Roach, by all appearances, in spilling out his secret training strategy, appears to be preparing Pacquiao for these and perhaps lesser traps that Mayweather is sure to set. When one hears Roach brag about his fighter having a skill set that perfectly counters the above Mayweather strengths and traps, he is referring to how styles make fights. Pac’s style allows him the ability to, when pressed into a Mayweather-esque pot-shot trap, move out of the straight line or trajectory of Mayweather’s right hand and move to its side. When this move is effected with precision the pot-shotting fighter, executing out of the shell, is vulnerable to a counter right or left thrown from the right or left angle.
The problem for most fighters is that they have neither the speed nor power of anticipation it takes to counter the shoulder roll pot-shot effectively. When they, or rather if they see the punch coming, it is by then too late to adjust. Roach appears to be prepping Pacquiao in both the anticipation of the pot-shot and the angle-based delivery of the counter-punch or punches. This requires a skill set that only Pacquiao appears to possess. Pacquiao is genius at moving his feet and body so quickly that opponents struggle to find their target. The danger for an aging Pacquiao is that with age one loses one’s legs first. His ability to so counter is, with age, increasingly problematic. Those in the know recognize that Mayweather waited to fight an aging Pacquiao with just this issue in mind.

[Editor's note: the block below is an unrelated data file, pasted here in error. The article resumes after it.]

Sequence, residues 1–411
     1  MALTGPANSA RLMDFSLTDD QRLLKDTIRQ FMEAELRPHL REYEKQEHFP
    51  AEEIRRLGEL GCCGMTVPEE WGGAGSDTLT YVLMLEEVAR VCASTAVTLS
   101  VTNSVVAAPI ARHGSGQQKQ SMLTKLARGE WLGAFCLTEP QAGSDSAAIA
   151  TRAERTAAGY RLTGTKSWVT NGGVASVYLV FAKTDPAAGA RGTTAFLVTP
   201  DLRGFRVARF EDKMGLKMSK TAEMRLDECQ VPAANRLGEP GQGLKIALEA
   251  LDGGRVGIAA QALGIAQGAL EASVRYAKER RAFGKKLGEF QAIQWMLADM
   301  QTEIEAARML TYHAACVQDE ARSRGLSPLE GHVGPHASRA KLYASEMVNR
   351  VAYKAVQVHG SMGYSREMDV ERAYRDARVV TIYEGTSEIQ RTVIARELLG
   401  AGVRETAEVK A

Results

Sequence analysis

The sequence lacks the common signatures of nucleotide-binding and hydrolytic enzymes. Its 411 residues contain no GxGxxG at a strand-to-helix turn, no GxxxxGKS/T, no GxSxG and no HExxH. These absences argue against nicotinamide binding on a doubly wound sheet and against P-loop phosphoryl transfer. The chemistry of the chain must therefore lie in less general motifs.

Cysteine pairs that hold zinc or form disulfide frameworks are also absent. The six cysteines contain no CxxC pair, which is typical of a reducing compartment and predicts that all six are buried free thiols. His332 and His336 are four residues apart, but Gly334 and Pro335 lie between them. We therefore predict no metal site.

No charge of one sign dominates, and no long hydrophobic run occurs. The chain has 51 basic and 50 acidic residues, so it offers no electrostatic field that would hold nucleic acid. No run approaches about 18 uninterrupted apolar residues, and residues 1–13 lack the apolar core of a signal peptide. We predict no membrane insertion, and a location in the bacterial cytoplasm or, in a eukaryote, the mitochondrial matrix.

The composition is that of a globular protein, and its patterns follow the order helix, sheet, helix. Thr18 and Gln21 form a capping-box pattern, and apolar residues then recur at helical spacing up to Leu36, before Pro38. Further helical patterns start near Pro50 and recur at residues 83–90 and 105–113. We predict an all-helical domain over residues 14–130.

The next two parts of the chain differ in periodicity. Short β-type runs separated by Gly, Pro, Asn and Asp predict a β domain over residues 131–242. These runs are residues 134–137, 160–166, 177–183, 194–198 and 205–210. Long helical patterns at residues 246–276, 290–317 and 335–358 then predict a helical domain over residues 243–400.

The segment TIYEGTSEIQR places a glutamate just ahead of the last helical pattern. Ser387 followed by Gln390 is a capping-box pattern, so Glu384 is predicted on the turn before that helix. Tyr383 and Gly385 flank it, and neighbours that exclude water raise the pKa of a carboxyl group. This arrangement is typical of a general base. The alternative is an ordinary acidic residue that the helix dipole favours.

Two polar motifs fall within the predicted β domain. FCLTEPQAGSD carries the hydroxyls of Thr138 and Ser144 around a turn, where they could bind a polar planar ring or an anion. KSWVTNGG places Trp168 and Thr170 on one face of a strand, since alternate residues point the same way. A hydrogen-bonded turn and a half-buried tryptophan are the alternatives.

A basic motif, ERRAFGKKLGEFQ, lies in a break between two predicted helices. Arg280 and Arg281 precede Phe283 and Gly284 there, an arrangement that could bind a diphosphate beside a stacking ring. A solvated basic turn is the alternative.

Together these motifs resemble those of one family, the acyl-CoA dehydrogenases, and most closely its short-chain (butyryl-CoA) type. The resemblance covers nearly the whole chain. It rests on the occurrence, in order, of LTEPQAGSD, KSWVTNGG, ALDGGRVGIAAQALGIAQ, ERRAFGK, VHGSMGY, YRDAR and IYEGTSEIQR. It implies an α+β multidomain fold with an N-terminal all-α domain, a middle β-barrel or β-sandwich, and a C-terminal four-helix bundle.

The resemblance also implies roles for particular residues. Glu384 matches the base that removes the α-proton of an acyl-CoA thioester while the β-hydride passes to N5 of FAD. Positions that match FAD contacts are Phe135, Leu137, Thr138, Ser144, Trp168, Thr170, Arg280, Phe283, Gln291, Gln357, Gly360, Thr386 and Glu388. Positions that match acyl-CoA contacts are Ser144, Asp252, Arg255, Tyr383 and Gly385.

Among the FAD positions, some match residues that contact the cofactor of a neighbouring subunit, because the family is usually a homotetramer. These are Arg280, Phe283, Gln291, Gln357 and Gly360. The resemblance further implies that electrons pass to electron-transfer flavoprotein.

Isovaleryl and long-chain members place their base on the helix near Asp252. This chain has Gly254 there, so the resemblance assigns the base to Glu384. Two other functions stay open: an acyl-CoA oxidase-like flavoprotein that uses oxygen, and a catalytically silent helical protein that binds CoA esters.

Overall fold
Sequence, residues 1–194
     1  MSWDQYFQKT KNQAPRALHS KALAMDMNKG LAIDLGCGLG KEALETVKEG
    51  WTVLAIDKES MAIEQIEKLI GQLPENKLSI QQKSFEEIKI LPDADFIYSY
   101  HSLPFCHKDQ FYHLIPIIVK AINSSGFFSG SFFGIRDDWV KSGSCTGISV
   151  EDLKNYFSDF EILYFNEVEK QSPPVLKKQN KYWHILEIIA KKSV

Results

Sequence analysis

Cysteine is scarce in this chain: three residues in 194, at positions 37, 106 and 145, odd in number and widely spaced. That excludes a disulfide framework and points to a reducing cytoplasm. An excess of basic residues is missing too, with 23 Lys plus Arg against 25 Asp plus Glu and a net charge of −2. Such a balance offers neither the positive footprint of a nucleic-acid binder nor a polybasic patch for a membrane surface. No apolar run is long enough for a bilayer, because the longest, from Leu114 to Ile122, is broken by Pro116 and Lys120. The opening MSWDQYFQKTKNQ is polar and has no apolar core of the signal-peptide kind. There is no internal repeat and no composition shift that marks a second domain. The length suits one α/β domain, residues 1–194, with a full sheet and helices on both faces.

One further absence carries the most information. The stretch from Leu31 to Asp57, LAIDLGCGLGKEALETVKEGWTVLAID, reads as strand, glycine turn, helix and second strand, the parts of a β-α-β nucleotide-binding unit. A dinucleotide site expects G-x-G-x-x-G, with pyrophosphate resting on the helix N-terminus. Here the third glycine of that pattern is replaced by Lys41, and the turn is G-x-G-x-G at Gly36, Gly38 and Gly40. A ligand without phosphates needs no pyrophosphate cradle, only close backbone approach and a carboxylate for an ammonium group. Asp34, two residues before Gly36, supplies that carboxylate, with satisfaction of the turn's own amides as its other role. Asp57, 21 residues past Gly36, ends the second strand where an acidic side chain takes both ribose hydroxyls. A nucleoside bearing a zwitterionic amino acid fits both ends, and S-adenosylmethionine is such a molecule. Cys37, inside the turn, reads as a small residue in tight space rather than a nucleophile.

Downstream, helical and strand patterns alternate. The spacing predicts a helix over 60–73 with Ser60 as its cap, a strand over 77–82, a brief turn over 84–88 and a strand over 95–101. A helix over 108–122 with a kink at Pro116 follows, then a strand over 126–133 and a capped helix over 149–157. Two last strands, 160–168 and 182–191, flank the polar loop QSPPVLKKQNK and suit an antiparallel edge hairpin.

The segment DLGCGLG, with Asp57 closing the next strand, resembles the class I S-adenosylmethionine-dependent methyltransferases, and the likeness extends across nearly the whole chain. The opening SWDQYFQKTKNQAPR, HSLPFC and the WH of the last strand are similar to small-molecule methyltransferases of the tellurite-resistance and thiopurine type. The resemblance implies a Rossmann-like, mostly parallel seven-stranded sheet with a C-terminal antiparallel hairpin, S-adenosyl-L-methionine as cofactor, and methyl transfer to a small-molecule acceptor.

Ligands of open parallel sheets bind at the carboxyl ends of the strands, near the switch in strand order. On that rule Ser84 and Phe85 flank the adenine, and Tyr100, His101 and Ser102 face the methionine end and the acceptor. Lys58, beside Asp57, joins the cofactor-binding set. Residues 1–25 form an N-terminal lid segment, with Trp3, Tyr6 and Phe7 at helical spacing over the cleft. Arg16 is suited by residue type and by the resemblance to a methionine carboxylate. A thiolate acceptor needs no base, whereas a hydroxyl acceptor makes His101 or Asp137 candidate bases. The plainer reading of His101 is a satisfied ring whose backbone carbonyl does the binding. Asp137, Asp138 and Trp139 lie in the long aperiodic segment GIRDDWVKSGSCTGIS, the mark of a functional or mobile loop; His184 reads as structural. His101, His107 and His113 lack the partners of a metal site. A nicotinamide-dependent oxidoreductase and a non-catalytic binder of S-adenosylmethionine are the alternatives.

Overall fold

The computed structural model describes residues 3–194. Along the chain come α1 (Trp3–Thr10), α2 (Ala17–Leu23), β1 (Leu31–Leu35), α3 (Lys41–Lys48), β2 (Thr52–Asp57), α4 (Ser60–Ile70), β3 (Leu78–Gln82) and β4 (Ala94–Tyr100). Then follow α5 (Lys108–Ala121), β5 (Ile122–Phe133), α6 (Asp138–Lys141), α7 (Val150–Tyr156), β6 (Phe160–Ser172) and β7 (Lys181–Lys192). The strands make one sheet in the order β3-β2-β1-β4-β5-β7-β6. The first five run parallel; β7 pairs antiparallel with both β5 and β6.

For Pacquiao the check-hook is problematic as well unless he retains the footwork and angle-making ability that have proven so disastrous for his opponents. No one, literally no one in the history of boxing, has thrown the check hook with more precision than Mayweather. It is, if you will, his money punch. Ricky Hatton found out what a well-executed Mayweather check hook can do as he lay on the canvas disconnected from reality. Mayweather timed him perfectly. Pacquiao will need to work on spending more time on Mayweather’s right side in order to stay out of range of the check-hook. This strategy will put him in range of the pot-shot so pulling this strategy off becomes a bit problematic unless he can master then perfect side-to-side movement against a fighter known for his ability to anticipate and manage space.